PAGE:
Right? Well, money generated by new pandas may also drive those desperate measures. The Guardian's Lijia Zhang wrote in December: "In today's market economy, however, there are no more freebies. China usually offers 10-year loans with prices close to $1m as the yearly rental. The flocking of would-be panda-huggers will bring fat profits to the zoo and to China."
Stateside, they're the face of the World Wildlife Fund, and there's an obviously a payoff with making them the cover animals. But when it comes to zoos it's a little less clear, a Washington Post report from 2005 (pre Kung Fu Panda and YouTube/Internet boom) showed four zoos "Washington, Atlanta, Memphis and San Diego, collectively spent $33 million more on pandas from 2000 to 2003 than they received in revenue from exhibiting them." Though, more recently, pandas were a key part in helping the Ueno Zoo in Tokyo welcome its highest number of visitors (4.4 million) in the past 19 years, and they are expected to boost attendance by 500,000 at the Toronto Zoo when they arrive in 2013.
As for keeping them happy, The Telegraph's Robert Colvile cited a report which said that " each of the 150-odd pandas in captivity costs around £1.5 million [roughly $2.4 million] a year to keep," and there's at least one report of pandas sending zoos into financial turmoil because of their expenses (including those $1 million loan payment to the Chinese government).
And where does the most of this money go?
So far, China's enormous effort in preventing the species from extinction has been focused on its successful breeding programme, primarily through artificial insemination. By the end of 2010, there were some 312 pandas in captivity nationwide. So far, only one captive-born panda, named Xiang Xiang – "lucky" in Chinese – has ever been released. I am one of the few people who saw him in the wild before his unlucky ending.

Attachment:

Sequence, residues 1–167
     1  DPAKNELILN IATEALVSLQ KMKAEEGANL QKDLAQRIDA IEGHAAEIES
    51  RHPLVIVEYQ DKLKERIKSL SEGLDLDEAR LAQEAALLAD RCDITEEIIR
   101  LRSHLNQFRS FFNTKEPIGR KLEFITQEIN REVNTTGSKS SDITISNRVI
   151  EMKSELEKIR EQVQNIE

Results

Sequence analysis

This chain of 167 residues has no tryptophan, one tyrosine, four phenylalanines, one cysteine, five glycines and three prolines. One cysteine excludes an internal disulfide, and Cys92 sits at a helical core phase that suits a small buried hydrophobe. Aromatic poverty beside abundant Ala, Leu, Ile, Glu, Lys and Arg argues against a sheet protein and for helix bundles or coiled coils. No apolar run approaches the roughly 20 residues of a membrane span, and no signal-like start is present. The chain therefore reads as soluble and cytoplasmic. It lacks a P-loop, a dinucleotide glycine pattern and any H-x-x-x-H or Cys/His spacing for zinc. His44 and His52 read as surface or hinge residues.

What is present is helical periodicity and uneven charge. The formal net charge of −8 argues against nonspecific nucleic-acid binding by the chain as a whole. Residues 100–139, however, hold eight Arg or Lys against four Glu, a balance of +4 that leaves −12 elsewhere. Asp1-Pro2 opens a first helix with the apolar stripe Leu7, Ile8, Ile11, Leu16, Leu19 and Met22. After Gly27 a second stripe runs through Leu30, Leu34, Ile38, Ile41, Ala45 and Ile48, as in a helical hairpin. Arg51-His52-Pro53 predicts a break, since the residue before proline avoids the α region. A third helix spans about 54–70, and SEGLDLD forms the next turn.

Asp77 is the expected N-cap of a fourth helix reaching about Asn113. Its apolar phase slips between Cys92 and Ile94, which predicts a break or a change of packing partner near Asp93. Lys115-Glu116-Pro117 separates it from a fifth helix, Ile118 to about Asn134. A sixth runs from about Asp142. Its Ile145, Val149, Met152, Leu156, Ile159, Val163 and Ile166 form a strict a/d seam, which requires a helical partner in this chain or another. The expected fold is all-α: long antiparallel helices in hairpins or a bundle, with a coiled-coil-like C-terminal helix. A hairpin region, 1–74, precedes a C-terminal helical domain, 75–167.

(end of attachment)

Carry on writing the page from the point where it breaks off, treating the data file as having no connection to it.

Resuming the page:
Zhang writes that she found Xiang Xiang dead in 2007, showing the problem with focusing on artificial insemination instead of conservation and the panda's natural habitat. Zhang spoke to Beijing University's Lu Zhi, who "fears that the profit will go straight to the breeding programmes, which will produce more 'un-authentic' pandas," writes Zhang. "The biggest difference between wild and bred pandas is the very low sex drive of the latter: in the wild, for much longer than human history, the animal has managed to reproduce, without any human assistance, sex videos or any mate-swapping tricks."
Yes you said it right. No, it isn't usually a problem. "Saving the panda has a benefit--teaching biodiversity and conservation," said doctoral candidate Mandi Finger, who specializes in ecology, in an interview with The Atlantic Wire, adding that saving the panda's environment could benefit other animals in its ecosystem. Much the way saving sea turtles could help other species inhabiting coral reefs and mangroves says Madrak. "If you can use those species--charismatic megafauna-- for public attention then it’s beneficial across the board. "
So, what about these other species?
Well, as Madrak mentions, saving sea turtles could save animals like sharks, rays, and skates. And getting people concerned about sea turtles could help affect bigger picture projects like our oceans and global warming.
Meanwhile, with the massive amounts of money that pandas generate, you could actually delist some animals like the pupfish, which Finger studies. "You could definitely delist them for sure [with that type of money]. All they require is water without bass in the desert. They don't need any help once you put them there. Dig a hole and put the fish in and they're probably okay."
So we should totally never, ever save the panda it sucks right? Sea turtles forever!
Well, that's not exactly the take away, but there is a point somewhere in between saving the panda and artificially inseminating them and making it a spectacle on Twitter. "Endangered species don't have bank accounts. It just comes down to aesthetics. Saving one species over another is still such a human-centric view. And some of them [species] may not be useful to us other for any other reason than we 'like' them," says Finger--better than we ever could.
Photos via AP.